Vaccines are a vital tool that can protect your pet against some very dangerous diseases. While many of these diseases have been held in check by thorough vaccination of domesticated animals, they are always present in the environment and ready to take advantage of any lapses in vaccinations. Because these diseases will always have access to animal hosts in the wild, getting your pets the right shots is the best way to ensure they never contract anything that’s preventable through vaccination.
Leptospirosis is one major disease that has been making a comeback recently. It’s caused by a bacteria that your dog or cat can pick up from contact with several species of wild animals in the area including raccoons and rats, most often from sniffing their urine. The main dangers from this disease involve liver or kidney damage, which can sometimes be permanent even after the bacteria are eliminated. But because there is a very effective vaccine available to prevent this disease, it’s possible to protect your pet from these potential dangers.
Another major disease that pets need to be vaccinated against is Rabies. “Rabies is prevalent among most mammals including foxes, raccoons, skunks, and bats, all of which could bite your pet and cause the disease,” says Dr. Paul Sedlacek of Animal Clinic of Morris Plains (ACMP). All of these animals are present in the North Jersey area, and you never know when your pet may come into contact with them. Rabies vaccinations are very effective, but if your pet actually develops the disease, there is no cure, and you could be at risk of infection as well.
The good news is that the rabies vaccine does not need to be given as often as was previously thought. The schedule used to mandate that all adult animals be given a shot once a year, but now that we know the immunity lasts longer, we can comfortably give the vaccine every two to three years.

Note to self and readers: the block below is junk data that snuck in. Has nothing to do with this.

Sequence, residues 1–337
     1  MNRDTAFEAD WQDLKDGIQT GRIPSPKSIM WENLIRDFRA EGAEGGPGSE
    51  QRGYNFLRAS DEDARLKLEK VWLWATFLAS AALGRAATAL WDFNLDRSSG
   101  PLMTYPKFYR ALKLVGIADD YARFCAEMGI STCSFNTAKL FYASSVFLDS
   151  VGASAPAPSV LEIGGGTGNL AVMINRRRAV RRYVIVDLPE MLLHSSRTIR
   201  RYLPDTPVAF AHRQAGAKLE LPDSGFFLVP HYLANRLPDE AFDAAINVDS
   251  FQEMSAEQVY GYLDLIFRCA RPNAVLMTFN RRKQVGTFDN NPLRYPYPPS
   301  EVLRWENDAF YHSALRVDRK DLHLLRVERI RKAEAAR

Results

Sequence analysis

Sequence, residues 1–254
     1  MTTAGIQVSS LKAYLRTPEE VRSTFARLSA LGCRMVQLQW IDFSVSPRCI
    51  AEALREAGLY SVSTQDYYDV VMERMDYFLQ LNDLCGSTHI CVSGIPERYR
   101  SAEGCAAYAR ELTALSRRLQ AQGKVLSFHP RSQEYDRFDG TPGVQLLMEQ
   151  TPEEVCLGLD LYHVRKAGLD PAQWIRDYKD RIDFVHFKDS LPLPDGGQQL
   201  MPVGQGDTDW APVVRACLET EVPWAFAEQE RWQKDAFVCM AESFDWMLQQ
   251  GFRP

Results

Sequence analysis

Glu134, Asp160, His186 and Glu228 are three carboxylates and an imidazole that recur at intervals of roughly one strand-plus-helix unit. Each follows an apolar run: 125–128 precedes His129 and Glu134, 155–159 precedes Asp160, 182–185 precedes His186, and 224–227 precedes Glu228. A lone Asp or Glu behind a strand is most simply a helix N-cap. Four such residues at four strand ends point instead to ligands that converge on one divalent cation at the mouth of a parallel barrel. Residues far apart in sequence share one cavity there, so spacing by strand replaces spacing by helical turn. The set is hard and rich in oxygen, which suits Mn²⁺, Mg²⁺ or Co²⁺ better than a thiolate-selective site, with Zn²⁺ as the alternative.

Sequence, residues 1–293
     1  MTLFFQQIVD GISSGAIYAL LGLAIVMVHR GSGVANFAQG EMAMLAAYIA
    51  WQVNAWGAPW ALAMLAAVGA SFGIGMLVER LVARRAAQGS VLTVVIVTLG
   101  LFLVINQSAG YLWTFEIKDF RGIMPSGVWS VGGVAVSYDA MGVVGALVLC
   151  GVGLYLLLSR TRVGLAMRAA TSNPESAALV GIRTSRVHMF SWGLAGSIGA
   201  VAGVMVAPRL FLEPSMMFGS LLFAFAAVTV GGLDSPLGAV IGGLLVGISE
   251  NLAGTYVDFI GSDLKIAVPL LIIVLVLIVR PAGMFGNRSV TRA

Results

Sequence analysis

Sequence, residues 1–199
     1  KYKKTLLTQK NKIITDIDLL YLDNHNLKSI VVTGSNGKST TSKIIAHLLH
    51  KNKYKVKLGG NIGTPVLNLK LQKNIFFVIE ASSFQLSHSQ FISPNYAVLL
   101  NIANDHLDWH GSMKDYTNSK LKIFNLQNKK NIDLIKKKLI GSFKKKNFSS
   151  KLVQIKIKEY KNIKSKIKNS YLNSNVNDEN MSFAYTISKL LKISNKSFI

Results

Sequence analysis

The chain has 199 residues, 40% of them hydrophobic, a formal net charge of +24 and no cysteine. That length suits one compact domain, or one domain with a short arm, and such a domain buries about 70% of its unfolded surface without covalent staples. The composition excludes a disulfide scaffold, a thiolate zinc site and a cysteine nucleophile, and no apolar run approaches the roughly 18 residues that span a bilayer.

One common disease that’s a threat for dogs but not really for cats is Lyme Disease. Fortunately, we do have a very effective vaccine for dogs even though there’s not even a Lyme Disease vaccine for humans. Because cats almost never contract this disease, there is no vaccine for them. Lyme Disease is transmitted mainly by deer ticks, and because these are so small, there is very little chance you would notice one on your dog in time to stop it from attaching and transmitting the disease. Deer ticks are common all over North Jersey, especially in any type of wooded area frequented by deer, including parks.
The types of vaccines that are appropriate for your pet to receive vary depending on the type of animal, how old they are, and the types of environments they’re normally exposed to. For instance, cats that are kept indoors may not need all of the vaccinations that outdoor cats receive. But if there is even a small chance that your pet will be exposed to a vaccine-preventable disease, it’s best to get them the shot so they are protected.
The bottom line is that the risks involved in getting your pets vaccinated are tiny, especially when you consider the vital protections vaccines confer. There are some known risks associated with certain vaccines, like vaccine-induced sarcomas. But only one in 10,000 cats develop this type of complication, and without vaccination, many more would contract serious or even deadly diseases. Pet vaccines are very carefully controlled and are all of very high quality.
Your vet is your best resource when determining which vaccines your pet should receive. Before vaccinations were developed, many more domestic animals suffered and died from diseases that most pet owners are unaware of or unfamiliar with today. Vaccines have made them so uncommon that people don’t completely understand how dangerous these diseases can be, and so they sometimes conclude that vaccination is not all that important. But the truth is that getting your pet the appropriate vaccinations is essential to helping them stay healthy and letting them live long, happy lives.
Dr. Paul has a strong interest in avian and exotic animal medicine and surgery, as well as small animal internal medicine and surgery.
He has provided services for numerous breeders, kennels, aviaries, and mini zoos.